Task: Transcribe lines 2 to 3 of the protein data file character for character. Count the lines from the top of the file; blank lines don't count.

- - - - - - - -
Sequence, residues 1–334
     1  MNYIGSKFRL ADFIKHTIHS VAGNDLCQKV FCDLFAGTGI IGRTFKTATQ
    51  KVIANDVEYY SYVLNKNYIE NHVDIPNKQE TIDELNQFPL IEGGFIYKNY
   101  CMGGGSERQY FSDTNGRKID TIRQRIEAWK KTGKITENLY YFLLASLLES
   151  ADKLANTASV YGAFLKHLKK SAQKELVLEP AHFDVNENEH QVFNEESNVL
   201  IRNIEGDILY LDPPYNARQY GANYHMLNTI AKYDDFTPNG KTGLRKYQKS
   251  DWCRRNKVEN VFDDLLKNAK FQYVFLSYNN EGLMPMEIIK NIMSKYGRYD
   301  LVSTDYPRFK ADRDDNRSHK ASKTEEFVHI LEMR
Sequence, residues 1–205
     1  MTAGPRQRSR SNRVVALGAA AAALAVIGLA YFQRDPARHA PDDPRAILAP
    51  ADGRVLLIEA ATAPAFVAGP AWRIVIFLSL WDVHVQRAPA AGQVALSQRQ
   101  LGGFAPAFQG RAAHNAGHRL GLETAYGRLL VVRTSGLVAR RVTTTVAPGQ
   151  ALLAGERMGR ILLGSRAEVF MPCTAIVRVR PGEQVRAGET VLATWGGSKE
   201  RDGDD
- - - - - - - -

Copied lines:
     1  MNYIGSKFRL ADFIKHTIHS VAGNDLCQKV FCDLFAGTGI IGRTFKTATQ
    51  KVIANDVEYY SYVLNKNYIE NHVDIPNKQE TIDELNQFPL IEGGFIYKNY